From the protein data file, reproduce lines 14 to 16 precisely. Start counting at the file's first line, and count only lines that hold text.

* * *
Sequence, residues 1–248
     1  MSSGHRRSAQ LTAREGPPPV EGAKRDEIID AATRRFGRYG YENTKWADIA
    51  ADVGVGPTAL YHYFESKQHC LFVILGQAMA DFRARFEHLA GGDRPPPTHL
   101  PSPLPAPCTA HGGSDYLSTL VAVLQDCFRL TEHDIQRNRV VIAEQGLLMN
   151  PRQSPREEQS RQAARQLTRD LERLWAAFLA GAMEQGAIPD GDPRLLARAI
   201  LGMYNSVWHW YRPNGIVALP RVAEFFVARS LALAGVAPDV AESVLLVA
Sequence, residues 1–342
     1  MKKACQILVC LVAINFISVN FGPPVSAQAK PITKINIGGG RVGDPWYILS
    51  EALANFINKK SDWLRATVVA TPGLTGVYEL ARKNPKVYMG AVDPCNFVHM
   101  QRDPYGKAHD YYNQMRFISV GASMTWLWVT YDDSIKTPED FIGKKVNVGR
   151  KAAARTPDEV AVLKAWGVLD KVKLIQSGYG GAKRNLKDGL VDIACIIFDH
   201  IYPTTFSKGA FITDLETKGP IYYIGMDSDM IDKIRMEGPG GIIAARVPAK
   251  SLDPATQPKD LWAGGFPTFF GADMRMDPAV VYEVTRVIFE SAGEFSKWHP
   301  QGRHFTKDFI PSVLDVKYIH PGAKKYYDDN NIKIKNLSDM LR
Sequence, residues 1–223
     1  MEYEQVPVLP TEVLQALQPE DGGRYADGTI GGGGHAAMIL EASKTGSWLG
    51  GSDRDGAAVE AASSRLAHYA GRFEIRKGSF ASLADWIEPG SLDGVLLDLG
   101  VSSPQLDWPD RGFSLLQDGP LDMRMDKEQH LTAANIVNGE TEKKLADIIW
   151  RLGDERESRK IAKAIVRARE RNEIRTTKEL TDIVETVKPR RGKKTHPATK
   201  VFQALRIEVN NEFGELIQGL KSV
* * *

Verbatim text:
   301  QGRHFTKDFI PSVLDVKYIH PGAKKYYDDN NIKIKNLSDM LR
Sequence, residues 1–223
     1  MEYEQVPVLP TEVLQALQPE DGGRYADGTI GGGGHAAMIL EASKTGSWLG